by Jay Joseph ‘22
The United States has joined countries across Europe and Asia in a severe pandemic baby bust. Over 24 states reported a seven-percent decline in births last December. Based on birth rates from the Great Recession and the Spanish Flu (in which no major recession occurred), the Brookings Institution estimates that there will be 300,000 fewer births than expected before the pandemic in 2021.
Experts believe the sustained global financial distress over the last year most contributed to this drop. A study from the Journal of Human Resources found that a one-percentage-point increase in state-level unemployment was connected to a 0.9 to 2.2 percent decrease in birth rates. According to the Bureau of Labor Statistics (BLS), the U.S. unemployment rate went from 3.5 percent last February to 14.8 percent in April 2020 due to the Covid-19 pandemic. As of February 2021, the unemployment rate has decreased to 6.2 percent. While the economy is recovering, many families have delayed pregnancies or decided to have fewer children due to prolonged financial distress, leading to a lasting reduction in overall births in the future.
The pandemic baby bust worsened the declining birth rate in the U.S. over the past decade. In 2019, the country reported the fewest births in its history in 35 years, putting social services at risk as the next generation of taxpayers grows smaller. Ironically, the lack of sufficient government policy supporting the economic burden of childcare appears to be contributing to this issue.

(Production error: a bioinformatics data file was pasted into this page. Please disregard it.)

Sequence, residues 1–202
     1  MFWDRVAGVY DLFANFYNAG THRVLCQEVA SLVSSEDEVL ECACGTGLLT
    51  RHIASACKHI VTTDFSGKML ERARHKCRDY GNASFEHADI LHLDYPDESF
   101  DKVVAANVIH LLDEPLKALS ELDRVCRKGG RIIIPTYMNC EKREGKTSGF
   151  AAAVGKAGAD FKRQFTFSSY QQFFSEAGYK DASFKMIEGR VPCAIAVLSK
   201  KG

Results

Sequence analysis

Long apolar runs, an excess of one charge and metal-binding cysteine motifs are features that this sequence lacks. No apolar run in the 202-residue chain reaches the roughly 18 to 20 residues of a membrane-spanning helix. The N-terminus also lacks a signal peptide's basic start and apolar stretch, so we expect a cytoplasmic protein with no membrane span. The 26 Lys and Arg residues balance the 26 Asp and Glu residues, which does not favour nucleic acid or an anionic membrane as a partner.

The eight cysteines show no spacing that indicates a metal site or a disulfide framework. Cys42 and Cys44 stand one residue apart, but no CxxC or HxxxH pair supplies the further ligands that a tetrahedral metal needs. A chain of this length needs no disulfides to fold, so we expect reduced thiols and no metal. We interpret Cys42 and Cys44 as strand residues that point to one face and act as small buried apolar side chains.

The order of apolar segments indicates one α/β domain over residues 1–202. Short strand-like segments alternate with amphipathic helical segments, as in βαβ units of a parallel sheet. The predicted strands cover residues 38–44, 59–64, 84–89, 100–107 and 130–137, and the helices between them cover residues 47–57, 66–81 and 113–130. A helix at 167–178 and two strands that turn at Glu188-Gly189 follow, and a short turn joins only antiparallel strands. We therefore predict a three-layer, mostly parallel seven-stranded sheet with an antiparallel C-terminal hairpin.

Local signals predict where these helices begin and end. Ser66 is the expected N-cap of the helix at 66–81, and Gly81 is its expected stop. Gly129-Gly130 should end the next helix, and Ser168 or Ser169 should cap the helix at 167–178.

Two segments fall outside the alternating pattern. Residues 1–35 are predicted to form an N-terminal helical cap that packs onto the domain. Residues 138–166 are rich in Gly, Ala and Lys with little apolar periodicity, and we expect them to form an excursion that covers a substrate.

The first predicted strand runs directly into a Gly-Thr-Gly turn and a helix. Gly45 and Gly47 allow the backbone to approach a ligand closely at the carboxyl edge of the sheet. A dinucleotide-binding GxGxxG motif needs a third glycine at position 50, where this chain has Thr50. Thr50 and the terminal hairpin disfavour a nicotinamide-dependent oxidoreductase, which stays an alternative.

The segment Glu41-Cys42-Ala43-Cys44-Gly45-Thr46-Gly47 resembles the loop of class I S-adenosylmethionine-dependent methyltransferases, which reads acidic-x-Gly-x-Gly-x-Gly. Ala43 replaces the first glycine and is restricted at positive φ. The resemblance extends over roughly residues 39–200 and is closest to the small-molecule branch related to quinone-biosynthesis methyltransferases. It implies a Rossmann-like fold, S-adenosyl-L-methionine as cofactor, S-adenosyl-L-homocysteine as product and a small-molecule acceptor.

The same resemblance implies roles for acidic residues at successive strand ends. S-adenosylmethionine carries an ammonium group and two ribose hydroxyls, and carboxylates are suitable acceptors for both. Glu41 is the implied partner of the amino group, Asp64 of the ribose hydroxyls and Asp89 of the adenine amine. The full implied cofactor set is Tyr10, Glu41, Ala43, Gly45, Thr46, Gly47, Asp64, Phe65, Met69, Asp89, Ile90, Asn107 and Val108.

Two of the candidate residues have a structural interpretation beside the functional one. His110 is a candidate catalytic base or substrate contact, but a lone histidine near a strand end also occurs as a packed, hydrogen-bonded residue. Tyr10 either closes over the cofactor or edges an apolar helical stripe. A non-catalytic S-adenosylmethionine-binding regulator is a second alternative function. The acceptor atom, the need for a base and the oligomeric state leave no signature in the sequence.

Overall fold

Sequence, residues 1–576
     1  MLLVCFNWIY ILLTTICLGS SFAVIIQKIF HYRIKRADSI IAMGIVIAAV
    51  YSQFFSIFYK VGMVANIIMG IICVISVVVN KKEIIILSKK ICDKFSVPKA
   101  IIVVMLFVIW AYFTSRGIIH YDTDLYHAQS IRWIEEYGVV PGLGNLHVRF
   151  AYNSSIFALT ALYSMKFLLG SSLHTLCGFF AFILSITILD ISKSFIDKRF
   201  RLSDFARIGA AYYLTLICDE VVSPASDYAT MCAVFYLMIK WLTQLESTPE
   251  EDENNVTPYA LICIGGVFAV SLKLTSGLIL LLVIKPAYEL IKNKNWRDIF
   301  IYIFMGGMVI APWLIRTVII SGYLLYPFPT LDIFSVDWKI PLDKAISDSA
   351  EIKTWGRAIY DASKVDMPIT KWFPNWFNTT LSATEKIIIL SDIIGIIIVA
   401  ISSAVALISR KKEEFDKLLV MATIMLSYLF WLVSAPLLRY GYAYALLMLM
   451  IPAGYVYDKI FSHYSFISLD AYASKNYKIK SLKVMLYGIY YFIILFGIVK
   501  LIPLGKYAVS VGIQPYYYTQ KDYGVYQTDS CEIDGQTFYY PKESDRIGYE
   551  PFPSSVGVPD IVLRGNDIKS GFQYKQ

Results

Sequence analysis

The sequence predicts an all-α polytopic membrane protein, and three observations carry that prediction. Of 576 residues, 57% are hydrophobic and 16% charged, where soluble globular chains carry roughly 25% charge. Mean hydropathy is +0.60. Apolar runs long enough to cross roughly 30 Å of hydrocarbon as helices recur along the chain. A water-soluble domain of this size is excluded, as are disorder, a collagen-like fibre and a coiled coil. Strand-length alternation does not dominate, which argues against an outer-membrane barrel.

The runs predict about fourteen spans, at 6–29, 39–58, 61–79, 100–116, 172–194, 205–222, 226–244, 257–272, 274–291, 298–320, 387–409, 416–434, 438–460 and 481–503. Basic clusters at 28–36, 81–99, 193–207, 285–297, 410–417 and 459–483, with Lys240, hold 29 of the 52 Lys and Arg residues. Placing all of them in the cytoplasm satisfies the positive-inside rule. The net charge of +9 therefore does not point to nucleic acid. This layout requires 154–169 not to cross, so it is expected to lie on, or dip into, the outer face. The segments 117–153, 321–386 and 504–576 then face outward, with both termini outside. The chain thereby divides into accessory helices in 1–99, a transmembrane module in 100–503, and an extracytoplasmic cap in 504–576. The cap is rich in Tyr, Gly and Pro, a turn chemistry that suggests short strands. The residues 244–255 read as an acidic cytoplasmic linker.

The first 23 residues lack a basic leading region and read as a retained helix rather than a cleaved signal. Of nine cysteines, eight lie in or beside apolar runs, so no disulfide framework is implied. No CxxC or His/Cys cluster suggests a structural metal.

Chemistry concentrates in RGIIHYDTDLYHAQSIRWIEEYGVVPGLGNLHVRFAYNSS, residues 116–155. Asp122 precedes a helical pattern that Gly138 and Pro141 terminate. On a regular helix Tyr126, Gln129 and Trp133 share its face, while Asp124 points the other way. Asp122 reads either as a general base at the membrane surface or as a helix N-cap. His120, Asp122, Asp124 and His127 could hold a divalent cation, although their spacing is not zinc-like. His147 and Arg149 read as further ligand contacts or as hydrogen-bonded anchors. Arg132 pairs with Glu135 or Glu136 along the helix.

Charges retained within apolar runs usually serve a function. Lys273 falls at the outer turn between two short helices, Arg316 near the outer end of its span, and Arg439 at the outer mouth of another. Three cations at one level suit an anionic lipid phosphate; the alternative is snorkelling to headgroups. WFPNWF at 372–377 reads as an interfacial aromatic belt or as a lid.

Unlike many European countries, the United States lacks a national policy for paid parental leave, forcing parents to choose between caring for their newborn child or returning to work, even when recovering from childbirth. Lacking proper enforcement, domestic policy fails to protect against pregnancy discrimination, leading many women to fear demotion or unemployment if they carry a child. For single parents, only 44 percent receive the required amount of child support from the other parent. According to the Pew Research Center, 49 percent of young adults with a bachelor’s degree or higher and one in five adults ages 30 to 44 have outstanding student loan debt, delaying the age where adults feel financially stable enough to have children.
Last Tuesday, more than 215 companies sent a letter urging congressional leaders to include a paid federal leave program in future recovery legislation. “The pandemic has exposed an acute emergency on top of an ongoing, chronic crisis. At the onset of the pandemic, fewer than 21 percent of workers had access to paid leave through their employers,” read the letter, citing a study from BLS. “Lack of a national paid leave policy makes all of us more vulnerable during this pandemic and for future public health emergencies, while putting the financial stability of businesses on the line. We cannot emerge from this pandemic and remain one of only two countries in the world with no form of national paid leave.”
A federal paid parental leave program, along with incentivization (child benefits, tax credit, etc.) and the sufficient enforcement of policy related to childcare, could make childcare more affordable and slow the declining American birth rate.